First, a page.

People also want to know why they don’t get refunds for days when there is no water. If your water is off for a week in the summer, we do not lower your bill or give a refund. During times when there is no water, the cost incurred by the district actually increases. We have more staff on hand to fix the issue, parts have to be purchased to do repairs, and additional equipment has to be used to get that water back on. If we refunded customers who were without water each time there was a break, the rest of our customers would have to supplement the cost to restore water to those receiving the refund. When we inform them that KID doesn’t actually charge for water but rather for the delivery system, they sometimes get cranky.
Joshua Dill: What was the specific motivation that led you to begin this program?
Dana Hernandez: Since our district manager, Chuck Freeman, started with the district in November 2009, his goal has been to increase public outreach and to get out in front of our customers. When I started with KID about 6 years ago, it was clear that our focus was to be visible to our customers and to have events where anybody could talk to us and ask questions.
Joshua Dill: Would you also tell us about KID’s school programs?
Dana Hernandez: KID’s school programs have been going on since before I started with the district. KID participates in a program in the Tri- Cities called Safe Kids, in which the fire department, the police department, and the city meet monthly to go over anything that is relevant to the kids in the community. We proposed to the local school districts the idea of coming to the elementary schools and talking about canal safety and why it is important not to swim, play in, or jump over the canals. They accepted, and since then, we have done presentations in the schools’ after-school programs and at the YMCA. We have a PowerPoint presentation that explains why playing in the canal is dangerous.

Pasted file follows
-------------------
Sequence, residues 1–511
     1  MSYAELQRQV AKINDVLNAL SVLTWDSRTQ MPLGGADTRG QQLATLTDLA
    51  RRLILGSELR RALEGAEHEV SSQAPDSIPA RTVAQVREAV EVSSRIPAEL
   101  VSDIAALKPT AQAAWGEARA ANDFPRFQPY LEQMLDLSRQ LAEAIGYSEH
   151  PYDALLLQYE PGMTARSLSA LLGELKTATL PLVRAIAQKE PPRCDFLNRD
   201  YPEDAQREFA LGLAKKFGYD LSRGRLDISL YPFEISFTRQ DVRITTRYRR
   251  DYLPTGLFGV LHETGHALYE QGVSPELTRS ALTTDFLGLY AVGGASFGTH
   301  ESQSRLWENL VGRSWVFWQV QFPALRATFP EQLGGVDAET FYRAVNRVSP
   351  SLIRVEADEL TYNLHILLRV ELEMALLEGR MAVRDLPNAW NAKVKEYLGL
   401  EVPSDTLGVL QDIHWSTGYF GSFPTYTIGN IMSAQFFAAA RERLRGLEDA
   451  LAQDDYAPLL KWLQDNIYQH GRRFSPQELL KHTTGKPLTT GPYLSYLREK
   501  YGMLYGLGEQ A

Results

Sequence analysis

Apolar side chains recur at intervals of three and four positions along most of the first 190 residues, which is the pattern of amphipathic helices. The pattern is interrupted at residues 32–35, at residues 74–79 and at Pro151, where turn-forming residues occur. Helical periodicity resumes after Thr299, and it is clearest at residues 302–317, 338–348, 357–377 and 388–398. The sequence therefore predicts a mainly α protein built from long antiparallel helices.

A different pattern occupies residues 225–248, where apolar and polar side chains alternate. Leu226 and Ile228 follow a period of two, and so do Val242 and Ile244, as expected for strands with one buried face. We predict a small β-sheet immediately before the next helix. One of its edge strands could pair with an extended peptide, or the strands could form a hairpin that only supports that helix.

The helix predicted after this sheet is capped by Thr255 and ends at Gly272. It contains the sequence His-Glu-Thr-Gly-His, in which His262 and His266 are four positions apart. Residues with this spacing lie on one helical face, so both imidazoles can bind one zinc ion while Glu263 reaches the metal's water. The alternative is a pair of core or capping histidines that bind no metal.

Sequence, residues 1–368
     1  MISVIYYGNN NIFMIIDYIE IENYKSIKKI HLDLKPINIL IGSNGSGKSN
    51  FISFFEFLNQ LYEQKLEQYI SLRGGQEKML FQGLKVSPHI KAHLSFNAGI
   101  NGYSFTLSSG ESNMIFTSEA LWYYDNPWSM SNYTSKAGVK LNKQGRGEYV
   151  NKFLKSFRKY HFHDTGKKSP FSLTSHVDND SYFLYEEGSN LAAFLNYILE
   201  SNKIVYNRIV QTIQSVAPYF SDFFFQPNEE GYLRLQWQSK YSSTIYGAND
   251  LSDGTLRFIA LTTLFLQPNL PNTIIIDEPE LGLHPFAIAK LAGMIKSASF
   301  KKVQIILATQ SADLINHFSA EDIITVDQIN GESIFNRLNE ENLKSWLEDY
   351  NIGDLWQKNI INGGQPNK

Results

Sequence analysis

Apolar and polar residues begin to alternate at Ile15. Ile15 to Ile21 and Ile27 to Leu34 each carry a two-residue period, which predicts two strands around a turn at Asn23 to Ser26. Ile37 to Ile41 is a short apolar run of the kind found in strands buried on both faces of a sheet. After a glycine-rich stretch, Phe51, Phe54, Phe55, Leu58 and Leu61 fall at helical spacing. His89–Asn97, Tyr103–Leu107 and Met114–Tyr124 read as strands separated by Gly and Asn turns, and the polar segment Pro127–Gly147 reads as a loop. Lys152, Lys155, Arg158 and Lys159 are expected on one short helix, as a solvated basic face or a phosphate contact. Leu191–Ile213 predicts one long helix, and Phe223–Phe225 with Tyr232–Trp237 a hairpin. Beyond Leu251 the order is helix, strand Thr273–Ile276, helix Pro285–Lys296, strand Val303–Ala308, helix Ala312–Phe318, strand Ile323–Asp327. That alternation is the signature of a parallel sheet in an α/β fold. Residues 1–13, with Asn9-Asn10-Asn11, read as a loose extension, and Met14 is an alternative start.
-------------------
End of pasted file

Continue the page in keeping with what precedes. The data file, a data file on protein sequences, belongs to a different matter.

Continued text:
This year, Shelbea has been working with the assistant superintendent of Kennewick School District to create a new presentation on canal safety that we will present during the school day rather than at after-school programs. That will help us reach all the students.
Joshua Dill: Has KID considered presenting in science classes?